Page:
As usual, I scrambled at the last minute for Christmas shopping.
Two of Great Wolf Resorts' water parks are underwater.
Manteca is a divided city.
It's more than just an acorn.
There is something deliciously ironic about the first operable segment of high speed rail in California being between Fresno and Bakersfield.
Christmas memories flavor our yuletide seasons for years to come. It was my hope to touch on the happier side of life no matter how simple it might have been at the time. The fact that some things of a positive nature can stay with us and be passed on to our children and often from generation to generation is a gift in itself.
Santa is a rank amateur when it comes to keeping tabs on you.
Allowing a tidal wave of discontent over "local" access to a 70,000-square-foot indoor water park capsize the proposed Great Wolf Resort wouldn't make any sense if the economic numbers really do work for Manteca.
I hurried outside into the parking lot of the Manteca Bulletin as I took a quick break from work. The time was 1:37 a.m., Tuesday, Dec. 21, 2010.
Great Wolf Resorts could - if the numbers work out - become the Mother Lode of all Manteca Redevelopment Agency endeavors.
Do not - I repeat - do not go hunting for a Christmas tree with someone who is pursuing a double major in engineering and architecture.
I was laying flat on my face inches from a 1,500 foot vertical drop along a ledge on the back side of the final leg of the trail up Mt. Whitney.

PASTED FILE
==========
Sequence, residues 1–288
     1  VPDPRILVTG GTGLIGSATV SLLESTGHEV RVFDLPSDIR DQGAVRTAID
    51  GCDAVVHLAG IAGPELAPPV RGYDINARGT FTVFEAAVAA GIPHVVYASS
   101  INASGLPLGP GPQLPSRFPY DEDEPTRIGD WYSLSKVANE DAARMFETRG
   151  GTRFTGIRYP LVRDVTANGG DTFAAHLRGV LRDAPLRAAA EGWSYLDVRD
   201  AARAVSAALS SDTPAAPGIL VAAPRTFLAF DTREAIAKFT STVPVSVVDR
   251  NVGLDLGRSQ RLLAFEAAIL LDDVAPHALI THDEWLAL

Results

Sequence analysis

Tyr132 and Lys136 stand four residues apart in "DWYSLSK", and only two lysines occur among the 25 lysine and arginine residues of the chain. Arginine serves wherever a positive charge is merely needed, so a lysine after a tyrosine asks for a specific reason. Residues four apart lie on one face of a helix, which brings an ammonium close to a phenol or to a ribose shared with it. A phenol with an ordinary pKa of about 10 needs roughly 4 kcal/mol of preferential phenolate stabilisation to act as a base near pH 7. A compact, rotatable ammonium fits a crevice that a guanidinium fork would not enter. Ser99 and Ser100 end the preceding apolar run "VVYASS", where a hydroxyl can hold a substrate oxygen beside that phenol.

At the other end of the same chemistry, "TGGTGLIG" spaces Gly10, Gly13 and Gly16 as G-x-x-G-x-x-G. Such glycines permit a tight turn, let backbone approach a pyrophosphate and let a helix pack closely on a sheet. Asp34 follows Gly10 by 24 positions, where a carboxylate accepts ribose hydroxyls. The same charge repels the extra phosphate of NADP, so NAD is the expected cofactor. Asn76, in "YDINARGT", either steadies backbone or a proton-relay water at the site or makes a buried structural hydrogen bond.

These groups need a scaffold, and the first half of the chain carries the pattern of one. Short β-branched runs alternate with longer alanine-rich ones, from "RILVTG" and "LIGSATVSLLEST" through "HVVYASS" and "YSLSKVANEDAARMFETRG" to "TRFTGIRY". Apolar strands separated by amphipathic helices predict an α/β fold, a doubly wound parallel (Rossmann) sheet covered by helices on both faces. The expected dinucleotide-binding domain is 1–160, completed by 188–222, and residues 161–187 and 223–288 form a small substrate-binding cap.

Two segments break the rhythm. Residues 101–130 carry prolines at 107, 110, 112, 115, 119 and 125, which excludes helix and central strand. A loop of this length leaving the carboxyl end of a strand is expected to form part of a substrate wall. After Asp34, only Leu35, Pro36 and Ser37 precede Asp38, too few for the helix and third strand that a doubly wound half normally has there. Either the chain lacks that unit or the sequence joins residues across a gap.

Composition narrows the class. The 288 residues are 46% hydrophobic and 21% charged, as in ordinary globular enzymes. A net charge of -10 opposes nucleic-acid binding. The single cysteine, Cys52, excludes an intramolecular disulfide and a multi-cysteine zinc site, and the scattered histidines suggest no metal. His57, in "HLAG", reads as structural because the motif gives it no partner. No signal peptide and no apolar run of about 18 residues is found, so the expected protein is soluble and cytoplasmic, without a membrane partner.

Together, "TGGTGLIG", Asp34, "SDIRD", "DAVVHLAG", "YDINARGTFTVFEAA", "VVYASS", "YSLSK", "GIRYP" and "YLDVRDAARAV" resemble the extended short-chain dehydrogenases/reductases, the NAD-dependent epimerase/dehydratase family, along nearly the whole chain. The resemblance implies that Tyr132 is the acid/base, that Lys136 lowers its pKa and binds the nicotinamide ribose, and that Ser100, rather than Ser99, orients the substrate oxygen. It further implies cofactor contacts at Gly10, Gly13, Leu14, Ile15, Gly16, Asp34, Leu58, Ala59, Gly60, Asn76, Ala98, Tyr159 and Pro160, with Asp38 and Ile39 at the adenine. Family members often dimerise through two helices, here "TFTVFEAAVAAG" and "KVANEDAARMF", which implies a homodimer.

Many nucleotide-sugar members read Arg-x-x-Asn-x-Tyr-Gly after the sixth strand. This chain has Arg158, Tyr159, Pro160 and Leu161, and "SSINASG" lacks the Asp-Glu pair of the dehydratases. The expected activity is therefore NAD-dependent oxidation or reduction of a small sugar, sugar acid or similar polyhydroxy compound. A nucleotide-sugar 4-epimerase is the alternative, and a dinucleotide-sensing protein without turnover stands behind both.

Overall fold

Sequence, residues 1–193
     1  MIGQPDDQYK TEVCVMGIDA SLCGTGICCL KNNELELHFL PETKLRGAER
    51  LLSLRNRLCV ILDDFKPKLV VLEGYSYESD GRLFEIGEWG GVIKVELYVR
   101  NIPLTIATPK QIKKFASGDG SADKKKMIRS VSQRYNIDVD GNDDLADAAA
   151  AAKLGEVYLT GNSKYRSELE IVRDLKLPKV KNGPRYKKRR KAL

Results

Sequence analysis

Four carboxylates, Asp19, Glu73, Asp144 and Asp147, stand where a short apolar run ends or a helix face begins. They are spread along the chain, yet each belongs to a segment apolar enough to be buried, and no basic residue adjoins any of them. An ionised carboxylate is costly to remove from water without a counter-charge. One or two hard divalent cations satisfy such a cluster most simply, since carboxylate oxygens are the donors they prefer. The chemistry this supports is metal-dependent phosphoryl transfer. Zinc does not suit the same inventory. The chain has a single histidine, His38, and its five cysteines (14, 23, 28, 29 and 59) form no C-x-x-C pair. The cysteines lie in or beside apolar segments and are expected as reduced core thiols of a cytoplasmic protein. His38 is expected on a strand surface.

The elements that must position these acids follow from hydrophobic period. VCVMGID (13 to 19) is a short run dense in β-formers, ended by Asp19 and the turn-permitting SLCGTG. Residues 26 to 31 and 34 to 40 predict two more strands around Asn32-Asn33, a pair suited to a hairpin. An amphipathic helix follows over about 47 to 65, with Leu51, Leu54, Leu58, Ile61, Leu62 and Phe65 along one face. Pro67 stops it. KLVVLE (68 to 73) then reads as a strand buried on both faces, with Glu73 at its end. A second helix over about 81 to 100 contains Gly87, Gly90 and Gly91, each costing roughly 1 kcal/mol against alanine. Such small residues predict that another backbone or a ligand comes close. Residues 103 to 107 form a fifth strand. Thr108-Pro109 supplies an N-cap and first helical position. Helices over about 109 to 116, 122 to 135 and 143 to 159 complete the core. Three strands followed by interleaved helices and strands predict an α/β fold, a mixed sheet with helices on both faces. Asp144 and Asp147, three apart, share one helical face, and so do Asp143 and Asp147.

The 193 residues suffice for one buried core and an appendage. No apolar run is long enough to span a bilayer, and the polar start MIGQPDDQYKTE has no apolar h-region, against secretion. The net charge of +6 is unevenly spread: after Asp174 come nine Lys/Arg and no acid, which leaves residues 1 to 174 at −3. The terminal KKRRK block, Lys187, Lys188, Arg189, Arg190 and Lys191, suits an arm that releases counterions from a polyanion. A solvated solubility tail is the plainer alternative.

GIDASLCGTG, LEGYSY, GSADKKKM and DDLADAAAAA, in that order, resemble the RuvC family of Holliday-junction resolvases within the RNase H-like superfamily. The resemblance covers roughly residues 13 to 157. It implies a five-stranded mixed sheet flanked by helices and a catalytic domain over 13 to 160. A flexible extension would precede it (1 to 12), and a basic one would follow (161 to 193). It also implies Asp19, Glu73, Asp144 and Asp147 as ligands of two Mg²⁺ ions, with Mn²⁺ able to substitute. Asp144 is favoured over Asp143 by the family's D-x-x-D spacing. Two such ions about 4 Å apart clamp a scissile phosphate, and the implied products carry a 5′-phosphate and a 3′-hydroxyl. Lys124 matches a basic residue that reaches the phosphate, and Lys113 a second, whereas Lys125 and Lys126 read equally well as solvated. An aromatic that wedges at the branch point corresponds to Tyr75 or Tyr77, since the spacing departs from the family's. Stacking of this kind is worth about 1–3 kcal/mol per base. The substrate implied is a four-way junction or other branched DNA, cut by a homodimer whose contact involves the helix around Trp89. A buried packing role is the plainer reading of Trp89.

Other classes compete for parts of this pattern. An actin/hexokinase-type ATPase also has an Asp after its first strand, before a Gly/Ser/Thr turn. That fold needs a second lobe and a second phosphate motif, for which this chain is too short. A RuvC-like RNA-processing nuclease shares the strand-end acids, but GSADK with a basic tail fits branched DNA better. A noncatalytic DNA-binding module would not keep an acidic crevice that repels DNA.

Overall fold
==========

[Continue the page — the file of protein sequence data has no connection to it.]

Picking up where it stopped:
The ticking time bomb known as the Sacramento-San Joaquin Delta poses a serious threat to the economic future of California, the ability to feed much of this nation, and to preserve a key Pacific Coast estuary for both fowl and fish.
Sadie Cabral was a classy lady who loved making people smile.
Justice is bittersweet.
McParland School's Pancake/Omelet Breakfast is scheduled for Saturday, March 28, at 1601 Northgate Dr. from 7 to 11 a.m. More than 30 baskets and a handmade quilt will be available for raffle, and proceeds from the event will benefit the eighth grade class. Tickets are $6 at the door. For more info, please call 209.858.7290.
Suicide by train has occurred all too often in Manteca.
It's tough to support one's self on $8,000 a year.
All four of Manteca's City Council members live in neighborhoods built in the last 15 years. Two reside in the Woodward Park neighborhood, one along the Airport Way corridor and the other in Union Ranch. All three neighborhoods are in the outer ring of the city.
Politicians – or elected officials as they like to call themselves – tend to grow thicker skin as time goes on.
Less than two blocks from my home Saturday there was a man washing his three cars with an open hose in his driveway. The water run-off ran the length of the block, turned a corner and was flowing down into the storm drain at a nice steady rate.
The young mom was elated.
College professors often think out loud.
American Legion Post 249 is staging a corned beef and cabbage dinner on Saturday, March 21, at the Manteca Senior Center, 295 Cherry Lane. Doors open at 5 p.m. with dinner beginning at 6. Tickets are $13 per person. For tickets, call Penny at 209.470.8691.
McDonald's isn't my kind of place.
Here we go again.
We are de-evolving.
Want to see what $250,000 plus in government waste looks like?
California State Sen. Ed Hernandez wants to take rights away from legal adults.
That's life, that's what all the people say